This paper explores the economic reconstruction efforts after the independence of Timor-Leste by the United Nations Transitional Administration in East Timor (UNTAET) and the international community. The author investigated academic journals, modern literature on post-conflict settings, and studies published by the World Bank, the United Nations, and the Australian government. As of 2010, Timor-Leste ranks 147 of 183 countries in the UN Human Development Index; but the author argues, in accordance to recent literature, the situation would have been significantly worse without the extensive foreign assistance Timor-Leste received. The economic reconstruction of Timor-Leste was successful in providing a basic economic system to help it prosper from its growing petroleum industry, but some aspects of the reconstruction failed due to poor funding allocations and miscommunications with the local Timorese.
Timor-Leste gained its independence in October 1999 after a history of violence and occupation by foreigners, but independence was not synonymous with peace and stability. The international community played a large role in reconstructing all aspects of Timorese society after the Indonesian occupation. Indonesia invaded Timor-Leste nine days after the Portuguese fled their colony in 1974. A truth and reconciliation commission conducted by UNTAET estimated that during the Indonesian militarized occupation of Timor-Leste a minimum of 102,800 Timorese conflict-related deaths occurred. The international community allowed the violent occupation due to concerns that the territory would fall to communism.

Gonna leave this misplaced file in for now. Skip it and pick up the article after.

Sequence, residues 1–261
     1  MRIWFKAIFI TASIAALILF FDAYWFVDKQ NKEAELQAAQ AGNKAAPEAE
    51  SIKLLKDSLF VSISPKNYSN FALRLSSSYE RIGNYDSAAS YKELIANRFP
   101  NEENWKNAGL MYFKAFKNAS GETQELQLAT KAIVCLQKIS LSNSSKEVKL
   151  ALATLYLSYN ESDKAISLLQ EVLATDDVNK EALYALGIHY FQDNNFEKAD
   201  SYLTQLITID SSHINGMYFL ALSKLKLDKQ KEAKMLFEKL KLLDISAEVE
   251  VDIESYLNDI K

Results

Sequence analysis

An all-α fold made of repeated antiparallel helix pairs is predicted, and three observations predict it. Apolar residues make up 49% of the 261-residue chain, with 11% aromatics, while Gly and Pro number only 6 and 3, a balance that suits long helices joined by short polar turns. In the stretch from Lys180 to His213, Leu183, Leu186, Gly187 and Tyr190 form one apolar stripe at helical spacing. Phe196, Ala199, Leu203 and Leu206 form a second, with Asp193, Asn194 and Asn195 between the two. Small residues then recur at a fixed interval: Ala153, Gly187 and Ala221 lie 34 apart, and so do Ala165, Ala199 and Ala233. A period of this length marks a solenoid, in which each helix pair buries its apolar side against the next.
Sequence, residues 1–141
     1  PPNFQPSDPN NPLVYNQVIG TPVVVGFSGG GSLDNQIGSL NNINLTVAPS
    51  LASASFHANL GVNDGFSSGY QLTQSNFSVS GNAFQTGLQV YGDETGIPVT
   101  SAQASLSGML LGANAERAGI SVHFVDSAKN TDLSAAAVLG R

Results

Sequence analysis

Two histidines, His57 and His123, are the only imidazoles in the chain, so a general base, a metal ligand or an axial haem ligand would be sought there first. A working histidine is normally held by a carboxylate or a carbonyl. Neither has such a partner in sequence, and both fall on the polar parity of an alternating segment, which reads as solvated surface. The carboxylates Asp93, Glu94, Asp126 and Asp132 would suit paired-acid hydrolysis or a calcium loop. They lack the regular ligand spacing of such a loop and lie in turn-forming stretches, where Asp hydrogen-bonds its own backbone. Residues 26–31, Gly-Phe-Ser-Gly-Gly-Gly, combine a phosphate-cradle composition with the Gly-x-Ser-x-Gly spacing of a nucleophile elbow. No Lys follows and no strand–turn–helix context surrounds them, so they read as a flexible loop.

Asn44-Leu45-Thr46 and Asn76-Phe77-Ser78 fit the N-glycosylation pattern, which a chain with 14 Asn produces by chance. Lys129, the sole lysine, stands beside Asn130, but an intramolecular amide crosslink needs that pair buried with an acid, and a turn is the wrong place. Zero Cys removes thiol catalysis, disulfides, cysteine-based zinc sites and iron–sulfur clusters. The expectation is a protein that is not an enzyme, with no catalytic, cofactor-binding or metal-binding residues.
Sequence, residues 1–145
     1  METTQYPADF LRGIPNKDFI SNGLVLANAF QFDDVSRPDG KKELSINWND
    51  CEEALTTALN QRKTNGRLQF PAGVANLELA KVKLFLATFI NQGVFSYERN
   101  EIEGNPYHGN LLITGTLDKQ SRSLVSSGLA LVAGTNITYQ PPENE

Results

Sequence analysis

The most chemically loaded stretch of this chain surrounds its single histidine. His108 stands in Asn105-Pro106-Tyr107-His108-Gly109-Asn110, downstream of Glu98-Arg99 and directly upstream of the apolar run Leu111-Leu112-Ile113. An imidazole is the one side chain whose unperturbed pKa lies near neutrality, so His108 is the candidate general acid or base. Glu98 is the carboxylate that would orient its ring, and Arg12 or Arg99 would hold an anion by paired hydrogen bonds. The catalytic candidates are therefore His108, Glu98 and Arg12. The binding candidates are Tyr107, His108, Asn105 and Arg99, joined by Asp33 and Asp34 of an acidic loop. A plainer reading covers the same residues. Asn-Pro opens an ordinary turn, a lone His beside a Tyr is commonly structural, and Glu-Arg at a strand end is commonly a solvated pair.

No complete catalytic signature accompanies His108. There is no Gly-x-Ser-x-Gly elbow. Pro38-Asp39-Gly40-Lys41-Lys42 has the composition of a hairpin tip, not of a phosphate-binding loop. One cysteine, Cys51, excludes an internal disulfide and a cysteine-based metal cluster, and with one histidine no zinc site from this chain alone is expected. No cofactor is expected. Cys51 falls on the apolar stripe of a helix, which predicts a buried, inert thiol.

Following the end of the Cold War, the United Nations, Indonesia, and Portugal created a referendum to decide whether Timor-Leste would remain part of Indonesia or gain independence. On September 4, 1999, UN Secretary General Kofi Annan announced that 78.5 percent of the voters wanted independence. As a result, Indonesian forces and militias within the country killed over 1,000 people and seriously damaged Timor-Leste’s physical infrastructure. Indonesian personnel fled the country leaving Timor-Leste without a functioning banking system, judicial sector, and police force. UNTAET, an Australian multi-national force, stepped in to restore normalcy to Timor-Leste.
Timor-Leste had a history of economic instability and poor growth prior to the violent outbreak in 1999. According to the 1999 UN Human Development Index, Timor-Leste had the lowest ranking standards of living, education levels, and life expectancy in Asia, and was similar to that of Rwanda. The GDP per capita between 1995 and 1999 ranged from $304 to $424; the majority of the population engaged in subsistence-level farming as a means of survival. The Indonesian central government controlled all finance and spending that occurred in the territory without concern for local needs. Therefore, once violence erupted in Timor-Leste, the Indonesian government employees fled,...